Contact lenses remain one of the most popular methods of correcting refractive eye errors that mean that the patient needs prescription lenses to see clearly. Unlike those which are placed in glasses frames, contact lenses are worn directly on the surface of the eyes, eliminating many of the inconveniences of wearing glasses. Unless you are a contact lens wearer already, chances are that you might not realize that there are actually a variety of different contact lenses to choose from to ensure that patients get the right type based on their individual requirements. However, the standard type of contact lens which makes complete contact with the surface of the eyes across the whole of the lens is not necessarily suitable for every patient. As such, there are also a number of specialty contact lenses that are designed specifically so that patients who cannot wear standard contacts can still benefit from this style of solution. Scleral lenses are one type of specialty contact lens.
Scleral contact lenses are large-diameter contact lenses that do not make contact with the entire surface of the eye but instead vault over the majority of it, only touching down on the sclera, which is the white part of the eye. The gap that is beneath plays an important role in the suitability of these lenses for those patients who can’t wear regular varieties. There are several sizes of scleral lenses:
Semi scleral: the smallest variety although they are still larger than standard contacts, they rest on the line where the cornea meets the sclera.
Mini scleral: slightly larger than semi-scleral lenses, these touch down on the surface of the eye at the anterior of the sclera.
Full scleral: these have the largest diameter and also the greatest amount of clearance in terms of the vault over the cornea.
Scleral lenses are designed to have some clearance between the surface of the cornea and the back of the lens itself. They are designed this way in order to accommodate some corneal abnormalities and other conditions that can prevent a patient from wearing normal, full-contact contact lenses. They are also made from special, gas-permeable material which also helps to make them a preferred option for certain patients. This unique design element of scleral lenses means that wearers can experience the following benefits:
More oxygen reaching the eyes whilst wearing them
Tear film becomes trapped in the gap, which acts as a reservoir for it and helps to keep the eyes moist and comfortable
There is space for any bulges in the cornea
The larger diameter of the lenses helps keep them stable on the eyes
Their larger size also makes it easier for them to be handled
Scleral lenses can be particularly beneficial for those patients who have conditions that make regular contact lenses unsuitable. These include those who have the following issues:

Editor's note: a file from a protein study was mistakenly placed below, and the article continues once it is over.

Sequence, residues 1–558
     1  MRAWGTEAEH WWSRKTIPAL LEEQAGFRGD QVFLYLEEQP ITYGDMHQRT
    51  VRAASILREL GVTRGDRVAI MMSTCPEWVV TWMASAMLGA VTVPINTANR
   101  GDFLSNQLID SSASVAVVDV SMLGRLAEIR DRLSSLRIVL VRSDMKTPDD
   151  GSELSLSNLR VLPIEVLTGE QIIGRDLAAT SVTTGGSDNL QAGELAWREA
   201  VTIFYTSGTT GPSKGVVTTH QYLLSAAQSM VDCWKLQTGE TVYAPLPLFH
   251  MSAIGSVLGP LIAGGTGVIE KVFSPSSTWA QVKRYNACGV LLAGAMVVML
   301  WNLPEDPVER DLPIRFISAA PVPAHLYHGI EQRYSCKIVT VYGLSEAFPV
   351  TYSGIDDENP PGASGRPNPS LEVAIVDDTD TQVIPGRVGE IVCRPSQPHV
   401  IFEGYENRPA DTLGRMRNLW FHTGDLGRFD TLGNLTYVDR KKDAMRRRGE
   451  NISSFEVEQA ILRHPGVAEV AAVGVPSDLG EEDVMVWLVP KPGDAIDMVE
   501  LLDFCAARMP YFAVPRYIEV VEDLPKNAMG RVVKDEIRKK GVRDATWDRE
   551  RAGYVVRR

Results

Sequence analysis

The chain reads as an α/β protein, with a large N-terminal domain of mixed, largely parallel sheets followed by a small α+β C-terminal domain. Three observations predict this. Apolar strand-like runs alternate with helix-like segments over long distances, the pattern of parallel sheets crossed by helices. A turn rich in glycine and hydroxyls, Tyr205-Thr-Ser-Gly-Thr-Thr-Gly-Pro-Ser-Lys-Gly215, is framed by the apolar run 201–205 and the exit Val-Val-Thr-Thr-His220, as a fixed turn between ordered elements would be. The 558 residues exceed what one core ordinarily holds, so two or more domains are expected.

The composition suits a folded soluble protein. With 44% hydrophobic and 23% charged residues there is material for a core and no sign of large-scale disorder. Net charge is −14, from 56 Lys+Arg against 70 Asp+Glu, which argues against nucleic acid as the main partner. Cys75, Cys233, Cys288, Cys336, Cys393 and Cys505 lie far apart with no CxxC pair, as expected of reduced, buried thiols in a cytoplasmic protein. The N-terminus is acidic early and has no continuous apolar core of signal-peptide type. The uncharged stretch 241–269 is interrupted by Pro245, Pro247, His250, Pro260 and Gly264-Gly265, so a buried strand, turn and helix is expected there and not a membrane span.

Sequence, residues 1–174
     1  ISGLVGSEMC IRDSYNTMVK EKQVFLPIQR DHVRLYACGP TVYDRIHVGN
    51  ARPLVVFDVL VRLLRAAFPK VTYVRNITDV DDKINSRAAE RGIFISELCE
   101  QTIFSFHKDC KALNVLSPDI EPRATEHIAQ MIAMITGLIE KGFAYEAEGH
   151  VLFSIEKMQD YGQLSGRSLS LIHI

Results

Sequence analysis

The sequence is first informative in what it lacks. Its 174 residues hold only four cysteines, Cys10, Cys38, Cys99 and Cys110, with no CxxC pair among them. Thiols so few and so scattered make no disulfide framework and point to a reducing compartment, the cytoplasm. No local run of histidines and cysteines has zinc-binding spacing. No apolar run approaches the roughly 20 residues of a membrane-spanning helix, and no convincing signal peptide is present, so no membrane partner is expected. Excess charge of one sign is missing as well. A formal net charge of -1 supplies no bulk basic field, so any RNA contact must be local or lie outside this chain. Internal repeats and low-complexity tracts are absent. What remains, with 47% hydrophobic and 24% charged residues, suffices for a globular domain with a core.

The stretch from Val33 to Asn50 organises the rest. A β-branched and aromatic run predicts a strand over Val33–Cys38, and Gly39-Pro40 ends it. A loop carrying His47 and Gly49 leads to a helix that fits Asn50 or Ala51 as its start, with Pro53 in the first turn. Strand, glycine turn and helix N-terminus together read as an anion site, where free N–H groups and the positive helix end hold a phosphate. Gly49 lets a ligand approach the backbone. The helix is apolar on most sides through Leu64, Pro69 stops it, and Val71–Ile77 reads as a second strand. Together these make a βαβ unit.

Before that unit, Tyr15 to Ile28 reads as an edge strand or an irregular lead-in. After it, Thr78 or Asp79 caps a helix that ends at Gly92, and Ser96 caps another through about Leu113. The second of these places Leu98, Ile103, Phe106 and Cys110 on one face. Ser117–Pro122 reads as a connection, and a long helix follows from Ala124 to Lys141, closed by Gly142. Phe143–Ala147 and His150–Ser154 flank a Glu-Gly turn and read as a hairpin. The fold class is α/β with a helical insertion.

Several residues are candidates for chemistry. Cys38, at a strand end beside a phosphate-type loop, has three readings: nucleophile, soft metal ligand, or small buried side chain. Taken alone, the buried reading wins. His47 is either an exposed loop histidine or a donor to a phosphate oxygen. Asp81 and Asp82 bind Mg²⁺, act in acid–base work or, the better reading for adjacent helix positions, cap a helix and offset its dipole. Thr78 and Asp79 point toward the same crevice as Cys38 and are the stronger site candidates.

Many corneas have a fairly even, dome-shape that fits snugly into the shape of regular contact lenses. However, some patients have corneas that are far steeper or that have bulges, such as is the case with keratoconus which is a condition characterized by the thinning and bulging of the cornea. Such issues mean that regular lenses do not fit properly. However, scleral lenses have sufficient space beneath the vaulted section to accommodate most corneal abnormalities, making them an ideal solution for patients who fall into this category.
Dry eyes are both a symptom and the name of an actual eye condition that occurs when there is a problem with the distribution of tear film over the eyes. Contact lenses float on the lubrication present on the surface of the eye, but if a patient has dry eyes, it may be difficult or impossible to wear regular contacts. However, scleral lenses enable tear film to be trapped on the surface of the eye for longer, in the fluid reservoir that is created by the gap between the cornea and the lens. This increased lubrication makes these lenses able to be worn by patients who have dry eyes. Similarly, the gas permeable nature of scleral lenses allows more oxygen to reach the eyes, preventing them from drying out as quickly as they might with regular lenses.
There are some ocular diseases that affect the surface of the eyes and make it difficult for patients to wear normal contact lenses. Fortunately, scleral contacts create a barrier that protected the compromised anterior ocular surface from exposure, making it possible for those patients with ocular surface diseases to still wear contacts instead of glasses.
If you would like more information about scleral lenses and who might benefit from them, get in touch with our experienced and knowledgeable eye care team in El Paso, TX who would love to help you.